Posted on 05 June 2023
Society's excessive production and consumption of plastic have led to an accelerating pollution crisis, causing detrimental effects on our environment, wildlife, human health and economy, writes WWF Special Envoy Marco Lambertini.
Every year, between nine and 14 million tonnes of plastic waste finds its way to our ocean - the very ocean we all depend on for climate regulation, food and livelihoods.
Once in nature, due to its durability, the plastic may last for generations – only to break up into smaller and even more unmanageable pieces.
Without immediate action, plastic production is expected to more than double by 2040. A similar increase in plastic pollution will follow.
These realities serve as a stark reminder that if we continue with business as usual, the situation will only worsen.
We unite with a shared vision of “no plastic in nature” - for a world where the ocean teems with marine life, not discarded fishing nets, bottles and bags, and where no human ingests plastic or breathes toxic fumes from burning plastic.
UN Global Plastic Pollution Treaty
Last week, world leaders gathered in Paris for the second negotiation meeting for the UN Global Plastic Pollution Treaty - a treaty that holds the key to transforming that vision into reality.
Global problems call for global responses, and it is imperative that this negotiation process reflects the political dedication required to tackle this crisis at the scope, scale and pace that our planet and society need.
Over the past five years, the number of national and voluntary actions to tackle the problem have risen, yet plastic pollution has simultaneously continued to increase by 50% - underlining that common rules for all countries is the only way forward in combating plastic pollution.
Therefore, we were encouraged by the tangible progress we witnessed in Paris, where the vast majority of governments actively called for the treaty to include a set of specific and comprehensive binding global rules across the plastic life cycle.
Numerous governments also expressed support for global bans on high-risk plastic products, such as single-use cutlery, cigarette filters and microplastics in many products from cosmetics to paints and tyres.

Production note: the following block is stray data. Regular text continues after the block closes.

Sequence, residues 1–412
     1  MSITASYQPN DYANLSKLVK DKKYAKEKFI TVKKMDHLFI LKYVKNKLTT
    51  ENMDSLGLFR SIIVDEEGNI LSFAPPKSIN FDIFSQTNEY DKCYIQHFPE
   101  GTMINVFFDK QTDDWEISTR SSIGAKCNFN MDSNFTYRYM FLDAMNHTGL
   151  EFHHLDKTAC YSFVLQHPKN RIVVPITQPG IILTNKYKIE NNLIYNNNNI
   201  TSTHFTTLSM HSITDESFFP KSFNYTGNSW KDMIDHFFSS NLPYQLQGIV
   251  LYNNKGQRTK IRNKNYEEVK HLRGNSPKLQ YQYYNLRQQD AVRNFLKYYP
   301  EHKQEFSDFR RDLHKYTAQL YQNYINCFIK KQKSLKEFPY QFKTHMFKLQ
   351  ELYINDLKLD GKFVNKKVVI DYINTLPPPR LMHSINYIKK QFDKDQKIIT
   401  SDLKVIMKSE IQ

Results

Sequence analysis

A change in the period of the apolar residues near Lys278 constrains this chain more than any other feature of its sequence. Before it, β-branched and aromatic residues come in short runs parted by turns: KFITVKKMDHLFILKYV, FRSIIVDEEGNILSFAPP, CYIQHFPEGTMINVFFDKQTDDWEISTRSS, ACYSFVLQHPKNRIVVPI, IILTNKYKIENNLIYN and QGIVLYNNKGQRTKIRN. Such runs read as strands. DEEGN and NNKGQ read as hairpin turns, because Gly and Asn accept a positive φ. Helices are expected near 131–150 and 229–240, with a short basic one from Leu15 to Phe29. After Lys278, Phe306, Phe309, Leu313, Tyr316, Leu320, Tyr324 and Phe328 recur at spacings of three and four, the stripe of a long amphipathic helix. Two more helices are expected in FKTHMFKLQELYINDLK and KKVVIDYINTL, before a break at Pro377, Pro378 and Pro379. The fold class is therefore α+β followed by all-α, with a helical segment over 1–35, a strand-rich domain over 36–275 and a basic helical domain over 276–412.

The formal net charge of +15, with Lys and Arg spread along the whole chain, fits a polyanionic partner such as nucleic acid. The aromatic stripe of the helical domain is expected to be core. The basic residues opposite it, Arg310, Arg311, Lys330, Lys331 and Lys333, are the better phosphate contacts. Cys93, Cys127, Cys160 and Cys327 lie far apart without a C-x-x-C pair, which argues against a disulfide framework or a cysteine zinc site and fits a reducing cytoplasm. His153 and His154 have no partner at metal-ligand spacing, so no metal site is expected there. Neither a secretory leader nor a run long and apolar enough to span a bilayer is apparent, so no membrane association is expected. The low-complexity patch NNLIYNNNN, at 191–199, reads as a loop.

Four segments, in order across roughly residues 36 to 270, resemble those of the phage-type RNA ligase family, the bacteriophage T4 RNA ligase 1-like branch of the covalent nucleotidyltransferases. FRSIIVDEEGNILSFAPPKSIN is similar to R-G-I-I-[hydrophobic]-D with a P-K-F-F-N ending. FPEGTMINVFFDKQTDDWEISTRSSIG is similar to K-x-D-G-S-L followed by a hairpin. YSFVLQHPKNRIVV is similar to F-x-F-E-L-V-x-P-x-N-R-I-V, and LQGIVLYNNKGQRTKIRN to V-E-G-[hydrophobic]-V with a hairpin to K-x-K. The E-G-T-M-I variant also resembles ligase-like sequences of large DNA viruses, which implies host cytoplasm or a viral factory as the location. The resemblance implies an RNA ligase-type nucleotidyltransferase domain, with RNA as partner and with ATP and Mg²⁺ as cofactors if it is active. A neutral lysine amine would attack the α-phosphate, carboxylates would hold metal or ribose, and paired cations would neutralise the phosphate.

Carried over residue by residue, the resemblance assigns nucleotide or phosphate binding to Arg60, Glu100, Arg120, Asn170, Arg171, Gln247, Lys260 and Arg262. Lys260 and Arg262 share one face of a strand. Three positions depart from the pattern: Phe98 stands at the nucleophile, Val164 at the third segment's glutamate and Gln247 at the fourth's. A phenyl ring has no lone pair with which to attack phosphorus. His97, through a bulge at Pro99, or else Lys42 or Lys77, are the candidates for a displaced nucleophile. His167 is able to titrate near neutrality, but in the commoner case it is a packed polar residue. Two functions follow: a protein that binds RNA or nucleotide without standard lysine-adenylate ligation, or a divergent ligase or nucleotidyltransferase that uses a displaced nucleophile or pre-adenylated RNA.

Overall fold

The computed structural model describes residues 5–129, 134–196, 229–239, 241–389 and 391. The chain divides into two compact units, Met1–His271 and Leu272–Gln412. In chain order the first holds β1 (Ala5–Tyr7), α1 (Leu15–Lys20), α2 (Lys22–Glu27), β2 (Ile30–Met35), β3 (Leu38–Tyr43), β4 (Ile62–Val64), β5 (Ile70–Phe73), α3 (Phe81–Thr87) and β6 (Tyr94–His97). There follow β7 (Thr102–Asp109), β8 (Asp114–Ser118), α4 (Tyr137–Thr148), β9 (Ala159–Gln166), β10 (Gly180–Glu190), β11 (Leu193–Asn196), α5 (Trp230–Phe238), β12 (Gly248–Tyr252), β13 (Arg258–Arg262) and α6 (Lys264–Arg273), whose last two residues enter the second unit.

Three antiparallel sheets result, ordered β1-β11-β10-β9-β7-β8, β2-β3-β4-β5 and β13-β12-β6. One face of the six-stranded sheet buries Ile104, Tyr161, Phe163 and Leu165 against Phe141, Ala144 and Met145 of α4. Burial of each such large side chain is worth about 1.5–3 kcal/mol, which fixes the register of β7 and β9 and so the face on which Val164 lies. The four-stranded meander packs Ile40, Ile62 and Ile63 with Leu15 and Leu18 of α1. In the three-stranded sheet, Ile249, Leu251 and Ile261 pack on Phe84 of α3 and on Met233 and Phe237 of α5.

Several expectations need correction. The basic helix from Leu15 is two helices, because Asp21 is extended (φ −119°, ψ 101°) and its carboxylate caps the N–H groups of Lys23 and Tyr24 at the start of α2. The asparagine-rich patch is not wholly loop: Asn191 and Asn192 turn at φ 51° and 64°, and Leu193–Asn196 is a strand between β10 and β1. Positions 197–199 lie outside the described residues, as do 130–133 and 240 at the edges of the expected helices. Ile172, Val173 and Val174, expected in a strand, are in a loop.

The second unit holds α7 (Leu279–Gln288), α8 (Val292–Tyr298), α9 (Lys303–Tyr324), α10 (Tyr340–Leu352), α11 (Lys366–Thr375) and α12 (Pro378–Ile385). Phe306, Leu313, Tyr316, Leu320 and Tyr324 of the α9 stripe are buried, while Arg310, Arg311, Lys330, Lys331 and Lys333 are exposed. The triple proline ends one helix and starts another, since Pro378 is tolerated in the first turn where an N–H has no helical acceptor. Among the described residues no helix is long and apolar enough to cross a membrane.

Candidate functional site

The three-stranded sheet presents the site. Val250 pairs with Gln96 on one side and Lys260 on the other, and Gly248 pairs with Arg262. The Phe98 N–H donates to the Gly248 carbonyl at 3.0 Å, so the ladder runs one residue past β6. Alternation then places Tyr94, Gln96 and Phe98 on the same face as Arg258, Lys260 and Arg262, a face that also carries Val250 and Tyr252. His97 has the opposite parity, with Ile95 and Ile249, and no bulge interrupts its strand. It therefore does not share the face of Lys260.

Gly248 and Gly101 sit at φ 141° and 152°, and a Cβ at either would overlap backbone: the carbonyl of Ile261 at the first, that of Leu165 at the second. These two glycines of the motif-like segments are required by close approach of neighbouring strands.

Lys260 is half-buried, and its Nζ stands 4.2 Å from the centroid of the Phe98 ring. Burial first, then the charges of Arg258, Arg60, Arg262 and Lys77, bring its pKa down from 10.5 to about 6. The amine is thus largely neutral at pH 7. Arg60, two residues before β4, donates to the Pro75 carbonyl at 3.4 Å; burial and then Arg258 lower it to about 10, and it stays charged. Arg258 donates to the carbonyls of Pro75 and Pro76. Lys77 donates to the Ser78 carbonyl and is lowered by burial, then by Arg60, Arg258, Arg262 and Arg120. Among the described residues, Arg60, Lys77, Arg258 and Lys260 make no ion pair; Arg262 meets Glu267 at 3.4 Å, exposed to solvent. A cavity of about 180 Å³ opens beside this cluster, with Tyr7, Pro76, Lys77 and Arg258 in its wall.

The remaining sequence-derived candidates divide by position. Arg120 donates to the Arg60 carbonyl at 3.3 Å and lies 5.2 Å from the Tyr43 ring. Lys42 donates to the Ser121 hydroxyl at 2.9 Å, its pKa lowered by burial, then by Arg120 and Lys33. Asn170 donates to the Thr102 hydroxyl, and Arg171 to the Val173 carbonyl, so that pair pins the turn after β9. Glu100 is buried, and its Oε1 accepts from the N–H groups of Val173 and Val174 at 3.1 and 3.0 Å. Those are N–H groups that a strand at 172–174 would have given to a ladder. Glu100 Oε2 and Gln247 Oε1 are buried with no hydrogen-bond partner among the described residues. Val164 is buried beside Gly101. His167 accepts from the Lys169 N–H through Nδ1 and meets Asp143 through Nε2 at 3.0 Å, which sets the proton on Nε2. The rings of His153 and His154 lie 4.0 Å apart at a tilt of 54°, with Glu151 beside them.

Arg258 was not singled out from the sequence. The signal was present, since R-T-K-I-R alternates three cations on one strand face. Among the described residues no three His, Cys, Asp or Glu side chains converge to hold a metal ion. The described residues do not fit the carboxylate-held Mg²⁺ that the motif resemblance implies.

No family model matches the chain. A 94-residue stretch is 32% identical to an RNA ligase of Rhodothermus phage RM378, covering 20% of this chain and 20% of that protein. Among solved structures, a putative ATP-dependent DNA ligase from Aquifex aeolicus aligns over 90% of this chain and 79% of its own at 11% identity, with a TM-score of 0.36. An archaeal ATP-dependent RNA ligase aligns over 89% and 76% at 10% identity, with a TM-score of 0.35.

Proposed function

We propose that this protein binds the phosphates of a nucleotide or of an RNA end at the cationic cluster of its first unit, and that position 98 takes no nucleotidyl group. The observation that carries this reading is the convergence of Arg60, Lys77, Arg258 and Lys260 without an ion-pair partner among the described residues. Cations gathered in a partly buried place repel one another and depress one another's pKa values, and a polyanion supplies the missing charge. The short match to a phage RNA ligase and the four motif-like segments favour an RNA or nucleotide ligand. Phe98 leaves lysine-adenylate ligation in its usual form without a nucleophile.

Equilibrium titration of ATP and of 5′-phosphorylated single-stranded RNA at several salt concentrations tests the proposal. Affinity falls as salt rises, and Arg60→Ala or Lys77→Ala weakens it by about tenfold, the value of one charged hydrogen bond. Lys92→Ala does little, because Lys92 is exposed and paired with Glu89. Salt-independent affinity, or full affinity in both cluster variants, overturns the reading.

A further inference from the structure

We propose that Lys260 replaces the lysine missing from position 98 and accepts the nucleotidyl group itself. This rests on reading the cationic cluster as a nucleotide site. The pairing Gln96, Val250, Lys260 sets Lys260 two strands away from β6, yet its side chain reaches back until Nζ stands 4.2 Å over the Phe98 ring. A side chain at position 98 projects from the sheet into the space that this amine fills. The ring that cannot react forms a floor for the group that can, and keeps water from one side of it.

These are some of the plastics that are more prone to end up in our environment and cause the most harm once there.
Many such products are both harmful and unnecessary or can be replaced with more sustainable substitutes and therefore provide a good starting point for global bans.
These motivating developments reinforce our collective determination to tackle plastic pollution today - and forge a sustainable future for generations to come.
Let us recognize the pivotal role we can play in bringing about change. Today marks the start of our journey towards the next negotiation meeting in Nairobi in November 2023. This meeting represents a crucial step in the process, as the treaty serves as a roadmap for the transformative actions the world depends on.
Plastic pollution urgency
With the urgency surrounding the plastic pollution crisis, it is now imperative that we raise our voices and urge our governments to wholeheartedly support a treaty that matches the level of ambition required to address this pressing issue.
Anything less than a comprehensive and impactful treaty would be deemed a failure.
Governments hold the power to shape the world we envision - a world free from the crippling grip of plastic pollution that harms the environment and in turn our society and wellbeing.
Let us unite and call upon our governments to rise to the occasion and take decisive action for the benefit of our planet, its people and all future generations.
A world free of plastic pollution is possible. Together possible.